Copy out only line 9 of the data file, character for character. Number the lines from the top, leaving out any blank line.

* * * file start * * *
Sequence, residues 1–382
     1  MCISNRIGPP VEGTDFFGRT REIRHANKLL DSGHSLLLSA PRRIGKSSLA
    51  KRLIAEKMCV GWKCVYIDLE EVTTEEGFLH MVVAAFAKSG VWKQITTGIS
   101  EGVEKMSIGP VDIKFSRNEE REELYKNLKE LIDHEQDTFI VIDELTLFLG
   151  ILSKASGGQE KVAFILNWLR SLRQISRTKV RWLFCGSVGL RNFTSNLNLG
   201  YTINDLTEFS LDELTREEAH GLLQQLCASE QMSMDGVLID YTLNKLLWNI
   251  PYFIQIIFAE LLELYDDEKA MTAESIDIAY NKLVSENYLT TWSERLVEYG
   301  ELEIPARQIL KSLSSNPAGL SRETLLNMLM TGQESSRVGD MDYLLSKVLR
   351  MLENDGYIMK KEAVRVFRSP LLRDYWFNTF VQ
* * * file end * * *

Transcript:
   351  MLENDGYIMK KEAVRVFRSP LLRDYWFNTF VQ